Jan 29, 2020

Big Tech goes green, but still can't escape climate pressure

Illustration: Aïda Amer/Axios

Big Tech is getting greener — but that’s not keeping it out of climate advocates’ crosshairs.

The state of play: Even as major tech companies announce new green ambitions — and evince existing ones — they're facing heightened pressure to walk the walk when it comes to their products and clients.

The big picture: New data shows that Google was the global leader in corporate renewable energy procurement last year, signing contracts for 2.7 gigawatts of capacity. The next three biggest buyers were Facebook, Amazon and Microsoft, per a BloombergNEF report that underscores Big Tech's years-long push into renewables.

  • This month Microsoft also rolled out a suite of new policies — including a pledge to be carbon-negative by 2030 that encompasses its suppliers too.
  • Amazon toughened its climate plans and targets last September.

The other side: Democratic Rep. Kathy Castor, who heads the Select Committee on the Climate Crisis, this week urged Google to curb false climate information on YouTube. She called for steps including...

  • Removing climate "denial" and "disinformation" from YouTube's recommendation algorithm.
  • No longer allowing users to monetize videos that "promote harmful misinformation and falsehoods" about climate.

Also this week, hundreds of Amazon employees, defying their communications rules, put their names on statements criticizing Amazon policies on climate (among other topics).

  • Amazon, Google and Microsoft all face attacks from both their own employees and outside critics — including Sen. Bernie Sanders — for offering sophisticated computing services tailored to help oil companies assess and extract resources.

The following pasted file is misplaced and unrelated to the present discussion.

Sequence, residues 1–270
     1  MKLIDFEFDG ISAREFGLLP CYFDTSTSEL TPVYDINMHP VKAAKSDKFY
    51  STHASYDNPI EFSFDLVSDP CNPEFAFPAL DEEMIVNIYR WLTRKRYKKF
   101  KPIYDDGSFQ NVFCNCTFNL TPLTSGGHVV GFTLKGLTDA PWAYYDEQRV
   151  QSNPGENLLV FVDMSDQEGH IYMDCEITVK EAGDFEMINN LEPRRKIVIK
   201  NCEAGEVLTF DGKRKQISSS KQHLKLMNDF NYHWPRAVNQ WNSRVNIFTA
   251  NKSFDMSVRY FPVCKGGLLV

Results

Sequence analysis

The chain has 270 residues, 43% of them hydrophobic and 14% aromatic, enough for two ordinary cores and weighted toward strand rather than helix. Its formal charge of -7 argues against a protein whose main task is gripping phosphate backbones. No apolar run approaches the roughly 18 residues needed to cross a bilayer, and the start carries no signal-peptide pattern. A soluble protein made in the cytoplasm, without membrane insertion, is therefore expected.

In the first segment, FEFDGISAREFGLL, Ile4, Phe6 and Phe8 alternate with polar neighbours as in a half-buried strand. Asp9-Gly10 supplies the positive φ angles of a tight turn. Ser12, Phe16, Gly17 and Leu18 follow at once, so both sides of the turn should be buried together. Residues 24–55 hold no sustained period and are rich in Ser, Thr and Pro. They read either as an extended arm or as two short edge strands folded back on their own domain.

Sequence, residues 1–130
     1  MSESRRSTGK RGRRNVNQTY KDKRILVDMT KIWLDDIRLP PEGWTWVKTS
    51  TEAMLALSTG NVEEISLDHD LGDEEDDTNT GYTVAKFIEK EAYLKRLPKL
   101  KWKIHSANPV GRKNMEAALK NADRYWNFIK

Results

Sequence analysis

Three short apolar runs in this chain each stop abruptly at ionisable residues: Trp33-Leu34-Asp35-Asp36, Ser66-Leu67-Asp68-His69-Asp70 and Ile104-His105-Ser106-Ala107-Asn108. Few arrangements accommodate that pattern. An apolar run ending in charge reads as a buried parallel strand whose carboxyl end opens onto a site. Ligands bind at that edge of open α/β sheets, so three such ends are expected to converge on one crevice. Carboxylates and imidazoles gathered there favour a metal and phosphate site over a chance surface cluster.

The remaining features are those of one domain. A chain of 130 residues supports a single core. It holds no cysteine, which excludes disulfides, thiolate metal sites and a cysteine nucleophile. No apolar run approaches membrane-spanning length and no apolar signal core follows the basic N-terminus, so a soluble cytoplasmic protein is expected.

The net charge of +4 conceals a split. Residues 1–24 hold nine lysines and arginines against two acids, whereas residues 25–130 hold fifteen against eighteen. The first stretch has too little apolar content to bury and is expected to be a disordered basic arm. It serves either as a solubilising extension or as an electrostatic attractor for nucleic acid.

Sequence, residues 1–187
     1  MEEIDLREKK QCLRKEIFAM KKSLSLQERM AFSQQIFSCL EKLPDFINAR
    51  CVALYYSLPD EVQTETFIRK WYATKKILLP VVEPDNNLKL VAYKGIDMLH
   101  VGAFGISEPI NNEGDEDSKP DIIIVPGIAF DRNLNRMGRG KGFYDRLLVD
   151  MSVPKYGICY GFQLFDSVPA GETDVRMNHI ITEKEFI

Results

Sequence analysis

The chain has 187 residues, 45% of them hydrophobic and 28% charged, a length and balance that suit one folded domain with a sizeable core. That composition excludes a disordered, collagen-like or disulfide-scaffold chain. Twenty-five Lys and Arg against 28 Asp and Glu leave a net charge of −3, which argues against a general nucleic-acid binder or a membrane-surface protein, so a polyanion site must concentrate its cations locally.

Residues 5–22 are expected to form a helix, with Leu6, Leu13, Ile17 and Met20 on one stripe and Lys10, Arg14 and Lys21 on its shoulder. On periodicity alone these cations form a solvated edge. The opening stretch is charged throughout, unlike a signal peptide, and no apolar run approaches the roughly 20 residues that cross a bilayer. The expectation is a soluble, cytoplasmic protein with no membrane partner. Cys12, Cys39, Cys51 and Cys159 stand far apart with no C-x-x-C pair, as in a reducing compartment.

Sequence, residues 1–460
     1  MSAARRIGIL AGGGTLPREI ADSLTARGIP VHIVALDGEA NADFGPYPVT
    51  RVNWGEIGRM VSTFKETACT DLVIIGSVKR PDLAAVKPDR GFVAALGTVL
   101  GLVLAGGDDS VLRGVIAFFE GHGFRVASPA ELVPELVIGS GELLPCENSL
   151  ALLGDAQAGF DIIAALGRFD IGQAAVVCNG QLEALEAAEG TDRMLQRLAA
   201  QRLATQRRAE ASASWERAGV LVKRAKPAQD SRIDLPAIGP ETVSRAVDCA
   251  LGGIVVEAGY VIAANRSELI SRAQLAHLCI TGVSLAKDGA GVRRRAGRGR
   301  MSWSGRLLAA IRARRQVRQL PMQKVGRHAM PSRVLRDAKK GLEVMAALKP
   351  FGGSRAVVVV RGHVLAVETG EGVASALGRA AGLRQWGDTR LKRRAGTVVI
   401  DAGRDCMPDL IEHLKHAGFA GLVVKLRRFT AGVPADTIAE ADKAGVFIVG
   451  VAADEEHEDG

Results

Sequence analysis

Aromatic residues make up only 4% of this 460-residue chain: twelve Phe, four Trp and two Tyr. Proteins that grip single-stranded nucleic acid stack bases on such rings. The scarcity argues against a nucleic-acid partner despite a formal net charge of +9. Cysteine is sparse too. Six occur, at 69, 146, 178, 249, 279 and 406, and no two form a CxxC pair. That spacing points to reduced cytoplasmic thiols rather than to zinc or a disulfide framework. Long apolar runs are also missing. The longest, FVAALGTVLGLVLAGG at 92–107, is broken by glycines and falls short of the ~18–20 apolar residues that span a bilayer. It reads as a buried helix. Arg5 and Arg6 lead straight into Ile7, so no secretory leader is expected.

The bottom line: Big Tech companies have some of the corporate world's most aggressive climate targets and programs. But this is hardly inoculating them against criticism.

Go deeper: Google and Amazon employees claim to face retribution for decrying corporate moves

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YouTube faces criticism over climate misinformation

Photo: Florian Gaertner/Getty Images

A report this month by the activist group Avaaz alleges YouTube is "driving millions of people to watch climate misinformation" daily.

What they found: One finding is that when users search for "global warming," 16% of the top 100 "related videos" in the "up next" feature had climate disinformation. Another is that major brands are often unaware that their ads run on these videos.

Go deeperArrowJan 29, 2020

Hundreds at Amazon call for company to toughen climate policies

Illustration: Sarah Grillo/Axios

Hundreds of Amazon workers are pushing the company to adopt tougher policies to reduce carbon emissions and fight climate change.

Why it matters: The employees are putting their names to their comments, posted on Medium, and the move defies Amazon's corporate policy.

Go deeperArrowJan 27, 2020

Climate activists target Big Tech over fossil fuel work

Illustration: Aïda Amer/Axios

Big Tech is making splash with its aggressive carbon reduction goals, but some of its employees and climate activists are criticizing Google, Microsoft and Amazon for nonetheless partnering with fossil fuel companies to use artificial intelligence to find hidden hydrocarbons and bring them to market.

Why it matters: Big oil companies are some of the richest, most resourceful enterprises in the world. They collect multiple terabytes of data daily but don't have the capacity to analyze and efficiently utilize that volume of facts without AI.